It’s now been nearly 15 months since we moved to Vienna, and once again I’m in my perch at the third-story apartment window ogling women’s legs. Among my first impressions that have proven true is that Viennese women, regardless of age, have stunning legs and they love to show them off. Walking? Skiing? Hiking in the Tyrolean Alps? Biking? Genetics? Who knows? But these don’t strike me as legs defined by Pilates and honed by hard-bodied personal trainers.
Another initial impression proved true is that many, if not most, middle-aged and elderly Viennese women don’t know the meaning of “she let herself go.” As our friend Mark, who visited a few weeks ago, noticed, you can walk behind a woman here who is stylishly decked out, with a beautiful figure, strutting confidently in bare legs and high heels (the very sight of which makes my bunions throb), and when you actually pass her and see her face, you stifle your gasp. Despite the flattering hair and make-up, the woman is clearly in her 50s or 60s or even 70s. Now, for some men, this excellent rear view might qualify as false advertising. I prefer to see these Viennese women (and the French) as inspirations that could teach American women quite a lot about being sexy at any age.
Going into my second year in Vienna, I’ve got first impressions on my mind. Few things are as hard to overcome as a negative first impression, as those who advise job applicants are quick to remark. An interviewee has something like a nanosecond to come across as a desirable hire. I always told my ESL writing students two rules for writing. First, don’t bore the reader (me). Second, your first sentences form the reader’s first impression. They need to be the equivalent of the firm American handshake a prospective employer expects. If you want the job, or a friendly reader, don’t extend a floppy fish hand reminiscent of a sadly impotent man or crush finger bones to dust. And, if your introductory sentences contain basic grammatical errors, it’s as if you smiled at the interviewer with remnants of that last taco between your teeth.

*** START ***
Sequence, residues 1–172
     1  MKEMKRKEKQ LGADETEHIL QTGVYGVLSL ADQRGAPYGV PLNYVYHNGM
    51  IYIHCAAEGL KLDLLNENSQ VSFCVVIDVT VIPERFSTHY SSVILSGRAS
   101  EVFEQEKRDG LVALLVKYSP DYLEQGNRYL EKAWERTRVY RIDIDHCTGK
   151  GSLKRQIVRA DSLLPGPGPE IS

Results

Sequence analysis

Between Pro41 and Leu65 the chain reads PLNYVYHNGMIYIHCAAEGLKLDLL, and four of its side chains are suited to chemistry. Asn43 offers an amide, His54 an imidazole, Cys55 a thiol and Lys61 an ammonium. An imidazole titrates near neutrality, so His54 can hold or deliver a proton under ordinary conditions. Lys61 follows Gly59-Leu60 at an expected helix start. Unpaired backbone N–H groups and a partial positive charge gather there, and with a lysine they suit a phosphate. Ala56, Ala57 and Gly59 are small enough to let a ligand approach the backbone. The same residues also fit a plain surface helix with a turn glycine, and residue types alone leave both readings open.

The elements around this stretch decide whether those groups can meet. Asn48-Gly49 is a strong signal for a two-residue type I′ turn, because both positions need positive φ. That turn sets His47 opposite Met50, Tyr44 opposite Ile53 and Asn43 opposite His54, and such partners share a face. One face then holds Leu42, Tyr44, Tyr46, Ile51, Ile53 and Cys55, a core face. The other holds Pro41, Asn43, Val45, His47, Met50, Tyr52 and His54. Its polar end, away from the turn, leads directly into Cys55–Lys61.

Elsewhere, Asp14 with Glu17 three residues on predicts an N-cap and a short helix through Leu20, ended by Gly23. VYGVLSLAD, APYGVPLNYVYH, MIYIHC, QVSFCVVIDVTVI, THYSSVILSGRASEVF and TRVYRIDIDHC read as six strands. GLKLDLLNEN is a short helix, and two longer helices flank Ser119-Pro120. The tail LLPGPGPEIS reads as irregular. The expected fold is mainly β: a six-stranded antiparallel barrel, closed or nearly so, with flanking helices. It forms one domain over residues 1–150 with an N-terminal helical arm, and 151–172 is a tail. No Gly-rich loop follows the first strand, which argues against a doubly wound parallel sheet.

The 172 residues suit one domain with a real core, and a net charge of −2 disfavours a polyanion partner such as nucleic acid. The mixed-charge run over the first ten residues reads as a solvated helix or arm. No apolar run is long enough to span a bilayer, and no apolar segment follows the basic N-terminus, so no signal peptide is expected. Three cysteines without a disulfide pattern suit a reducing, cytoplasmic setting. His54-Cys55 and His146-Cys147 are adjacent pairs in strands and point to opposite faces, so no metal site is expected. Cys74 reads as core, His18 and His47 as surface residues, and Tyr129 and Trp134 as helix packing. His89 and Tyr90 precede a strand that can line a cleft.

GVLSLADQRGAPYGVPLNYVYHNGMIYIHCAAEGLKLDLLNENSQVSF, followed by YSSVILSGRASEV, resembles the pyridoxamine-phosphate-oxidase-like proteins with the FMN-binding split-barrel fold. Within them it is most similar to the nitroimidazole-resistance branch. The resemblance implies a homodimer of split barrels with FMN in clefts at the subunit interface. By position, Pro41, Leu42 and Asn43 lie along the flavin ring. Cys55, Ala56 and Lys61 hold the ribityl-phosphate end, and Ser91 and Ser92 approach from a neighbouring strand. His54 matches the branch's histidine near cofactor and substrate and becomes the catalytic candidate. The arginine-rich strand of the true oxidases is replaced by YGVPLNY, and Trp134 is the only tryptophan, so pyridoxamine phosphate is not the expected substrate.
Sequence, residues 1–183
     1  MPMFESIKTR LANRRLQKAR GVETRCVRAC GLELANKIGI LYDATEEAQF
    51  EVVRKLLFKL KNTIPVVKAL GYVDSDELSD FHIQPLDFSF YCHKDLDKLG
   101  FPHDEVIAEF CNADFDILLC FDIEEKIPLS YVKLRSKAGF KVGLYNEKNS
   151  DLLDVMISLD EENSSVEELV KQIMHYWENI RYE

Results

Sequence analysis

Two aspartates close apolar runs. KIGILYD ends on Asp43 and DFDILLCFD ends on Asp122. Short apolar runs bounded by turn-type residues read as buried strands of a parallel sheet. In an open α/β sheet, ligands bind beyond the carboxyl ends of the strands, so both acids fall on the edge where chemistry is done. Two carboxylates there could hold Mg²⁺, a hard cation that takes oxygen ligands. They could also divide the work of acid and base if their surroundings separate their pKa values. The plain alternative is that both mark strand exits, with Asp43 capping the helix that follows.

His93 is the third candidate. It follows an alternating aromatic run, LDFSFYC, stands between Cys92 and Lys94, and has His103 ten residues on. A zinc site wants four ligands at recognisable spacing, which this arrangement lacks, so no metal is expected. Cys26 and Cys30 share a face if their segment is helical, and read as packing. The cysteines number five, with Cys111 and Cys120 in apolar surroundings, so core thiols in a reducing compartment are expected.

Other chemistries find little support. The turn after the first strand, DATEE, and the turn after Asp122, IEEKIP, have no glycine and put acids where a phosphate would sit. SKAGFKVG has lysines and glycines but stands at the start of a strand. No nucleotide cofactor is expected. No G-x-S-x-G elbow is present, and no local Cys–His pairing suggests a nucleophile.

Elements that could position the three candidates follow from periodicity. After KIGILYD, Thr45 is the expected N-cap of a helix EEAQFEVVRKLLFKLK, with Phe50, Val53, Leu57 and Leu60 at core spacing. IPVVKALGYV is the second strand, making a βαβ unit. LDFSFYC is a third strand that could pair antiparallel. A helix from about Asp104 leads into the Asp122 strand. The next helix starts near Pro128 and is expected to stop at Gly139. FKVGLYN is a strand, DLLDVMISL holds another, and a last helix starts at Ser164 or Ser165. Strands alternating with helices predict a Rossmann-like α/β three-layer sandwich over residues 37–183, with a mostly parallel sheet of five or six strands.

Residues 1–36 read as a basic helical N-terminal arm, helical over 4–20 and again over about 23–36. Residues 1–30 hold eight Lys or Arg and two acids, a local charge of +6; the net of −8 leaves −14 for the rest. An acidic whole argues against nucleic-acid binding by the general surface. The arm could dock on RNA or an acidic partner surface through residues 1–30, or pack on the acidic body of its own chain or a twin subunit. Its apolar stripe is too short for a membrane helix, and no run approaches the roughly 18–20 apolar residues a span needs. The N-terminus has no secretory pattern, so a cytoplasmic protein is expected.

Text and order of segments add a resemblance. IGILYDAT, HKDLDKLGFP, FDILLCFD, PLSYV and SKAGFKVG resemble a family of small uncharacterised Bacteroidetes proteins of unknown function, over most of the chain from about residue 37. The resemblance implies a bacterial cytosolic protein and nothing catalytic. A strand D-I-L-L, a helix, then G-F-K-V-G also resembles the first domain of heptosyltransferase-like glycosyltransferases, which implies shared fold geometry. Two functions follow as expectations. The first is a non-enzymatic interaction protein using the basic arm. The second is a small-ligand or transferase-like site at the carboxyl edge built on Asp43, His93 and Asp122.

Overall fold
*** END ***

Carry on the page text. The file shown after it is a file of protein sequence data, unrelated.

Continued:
(An aside to the grammar mavens among you. Yes, I’m aware that some of my blogs contain the occasional grammar or spelling error; editing oneself is tantamount to scaling Mt. Everest sans Sherpa guides. However, whenever I try to correct such errors, I blow up the blog, something Jim doesn’t find amusing.)
Okay. I’ve done it again. I’ve written without regard to photo opportunities. For this blog, Jim will provide a few visual interludes and comment. Here’s the first.
|Keir and Friends|
Yesterday Keir’s varsity volleyball team played several games against visiting Budapest. When he played Babe Ruth baseball in Virginia, an away game to Springfield or Herndon was considered long distance. Thus far he’s played an away game in Frankfurt, Germany, and last week we hosted the team from Munich. Here is a picture of Keir (#4) when the American International School Knights played Munich.
While Keir’s team was soundly beating the Budapest team, I talked with the coach of their girls team. It was a reminder that we’re not in Kansas anymore. She was born in Poland and spoke with a Polish accent, but she lived most of her life in Quebec and was raised as a French Canadian. She just got her PhD in social linquistics from Oxford and is living her dream of teaching French to high school kids in Budapest. She also teaches Polish and German. I was just trying to understand the rules to the vollyball game.
And here is Misti.]